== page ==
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Infect Immun. Apr 1995; 63(4): 1434–1439.
PMCID: PMC173171

Gonococcal opacity: lectin-like interactions between Opa proteins and lipooligosaccharide.


Previous evidence from our laboratory suggested that the tight intercellular adhesions between the outer membranes of gonococci displaying the opacity colony phenotype occurred because Opa proteins expressed on one gonococcus adhered to the lipooligosaccharide (LOS) of the opposing bacterium (M.S. Blake, p. 51-66, in G. G. Jackson and H. Thomas, ed., The Pathogenesis of Bacterial Infections, 1985, and M. S. Blake and E. C. Gotschlich, p. 377-400, in M. Inouye, ed., Bacterial Outer Membranes as Model Systems, 1986). A noncompetitive inhibition assay used previously to determine the carbohydrate structures recognized by the major hepatic asialoglycoprotein receptor was modified to determine the gonococcal LOS structures that bind Opa proteins (R. T. Lee, Targeted Diagn. Ther. Ser. 4:65-84, 1991). The LOS carbohydrates used in these assays were LOS structures purified from pyocin LOS mutants of Neisseria gonorrhoeae 1291 described by K. C. Dudas and M. A. Apicella (Infect. Immun. 56:499-504, 1988) and further characterized by C. M. John et al. (J. Biol. Chem. 266:19303-19311, 1991). Purified gonococcal Opa proteins were incubated with each of the parent and mutant LOS, and the amount of binding of Opa proteins was measured by a direct enzyme-linked immunosorbent assay using the Opa-specific monoclonal antibody 4B12. The affinities of the Opa proteins for each of the LOS were determined indirectly by measuring the concentrations of Opa proteins that noncompetitively inhibited 50% of the binding of LOS-specific monoclonal antibodies. This concentration is inversely proportional to the affinity of the inhibitor (R. T. Lee, Targeted Diagn. Ther. Ser. 4:65-84, 1991). Our data suggest that the gonococcal Opa proteins tested had the highest affinity for the Gal beta 1-4GlcNAc residue present on the gonococcal lactoneoseries LOS. This affinity was comparable to that reported for the binding of the major hepatic asialoglycoprotein receptor to glycoconjugates containing terminal galactose and N-acetylgalactosamine (R. T. Lee, Targeted Diagn. Ther. Ser. 4:65-84, 1991). After sialylation of the lactoneoseries LOS, presumably on the terminal galactose residue, the interaction with the Opa proteins was ablated. Therefore, the gonococcal Opa-LOS and mammalian epithelial cell asialoglycoprotein receptor-carbohydrate interactions have quite similar specificities.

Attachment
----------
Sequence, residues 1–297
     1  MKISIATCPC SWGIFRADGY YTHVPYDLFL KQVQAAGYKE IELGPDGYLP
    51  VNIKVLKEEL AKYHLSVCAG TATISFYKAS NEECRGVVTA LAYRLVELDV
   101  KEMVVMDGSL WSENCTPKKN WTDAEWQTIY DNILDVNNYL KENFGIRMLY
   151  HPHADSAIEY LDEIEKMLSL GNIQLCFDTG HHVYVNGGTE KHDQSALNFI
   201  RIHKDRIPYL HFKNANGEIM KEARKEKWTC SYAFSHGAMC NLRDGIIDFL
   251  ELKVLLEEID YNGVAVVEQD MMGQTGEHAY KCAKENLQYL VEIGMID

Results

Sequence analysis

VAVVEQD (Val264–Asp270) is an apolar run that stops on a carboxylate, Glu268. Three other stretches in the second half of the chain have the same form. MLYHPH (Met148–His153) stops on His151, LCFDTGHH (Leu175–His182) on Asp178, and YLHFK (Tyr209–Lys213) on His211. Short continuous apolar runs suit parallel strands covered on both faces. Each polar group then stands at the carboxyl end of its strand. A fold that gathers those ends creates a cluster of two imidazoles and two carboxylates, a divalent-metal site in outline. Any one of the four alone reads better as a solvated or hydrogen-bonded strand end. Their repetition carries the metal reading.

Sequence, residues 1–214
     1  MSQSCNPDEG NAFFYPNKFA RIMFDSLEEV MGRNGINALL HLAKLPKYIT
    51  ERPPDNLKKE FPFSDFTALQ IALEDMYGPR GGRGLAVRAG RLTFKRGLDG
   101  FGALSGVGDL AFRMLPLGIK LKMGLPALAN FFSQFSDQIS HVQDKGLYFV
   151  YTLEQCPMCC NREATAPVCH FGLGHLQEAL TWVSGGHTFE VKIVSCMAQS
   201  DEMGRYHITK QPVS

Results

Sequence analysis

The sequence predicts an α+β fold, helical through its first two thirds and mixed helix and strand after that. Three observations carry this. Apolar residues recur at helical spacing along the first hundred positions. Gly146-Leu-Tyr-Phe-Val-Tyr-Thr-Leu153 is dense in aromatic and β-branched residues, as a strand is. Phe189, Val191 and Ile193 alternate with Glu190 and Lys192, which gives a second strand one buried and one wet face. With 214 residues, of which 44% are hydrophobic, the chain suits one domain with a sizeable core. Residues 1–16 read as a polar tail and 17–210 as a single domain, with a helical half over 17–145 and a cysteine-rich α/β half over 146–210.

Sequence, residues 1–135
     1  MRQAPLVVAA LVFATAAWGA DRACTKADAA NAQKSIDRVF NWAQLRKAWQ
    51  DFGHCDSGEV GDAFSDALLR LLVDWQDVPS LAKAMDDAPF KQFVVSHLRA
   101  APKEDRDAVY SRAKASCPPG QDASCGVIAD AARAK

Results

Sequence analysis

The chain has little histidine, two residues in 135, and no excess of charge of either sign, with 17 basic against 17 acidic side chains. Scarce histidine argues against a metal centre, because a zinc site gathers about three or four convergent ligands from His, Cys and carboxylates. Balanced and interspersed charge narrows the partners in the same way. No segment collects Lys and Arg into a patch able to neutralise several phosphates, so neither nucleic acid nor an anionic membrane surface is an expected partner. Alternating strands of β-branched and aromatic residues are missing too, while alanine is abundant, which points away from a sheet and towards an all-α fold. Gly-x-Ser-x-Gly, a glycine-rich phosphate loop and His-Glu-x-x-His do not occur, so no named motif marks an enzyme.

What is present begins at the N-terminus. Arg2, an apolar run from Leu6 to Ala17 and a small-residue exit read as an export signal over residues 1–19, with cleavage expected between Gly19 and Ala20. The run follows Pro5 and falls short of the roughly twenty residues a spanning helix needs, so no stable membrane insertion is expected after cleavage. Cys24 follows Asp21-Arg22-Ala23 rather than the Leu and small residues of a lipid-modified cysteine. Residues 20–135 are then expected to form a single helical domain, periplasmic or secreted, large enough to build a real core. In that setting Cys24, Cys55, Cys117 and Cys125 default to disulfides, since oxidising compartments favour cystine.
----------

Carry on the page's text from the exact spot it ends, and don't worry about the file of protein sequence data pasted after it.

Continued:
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Selected References

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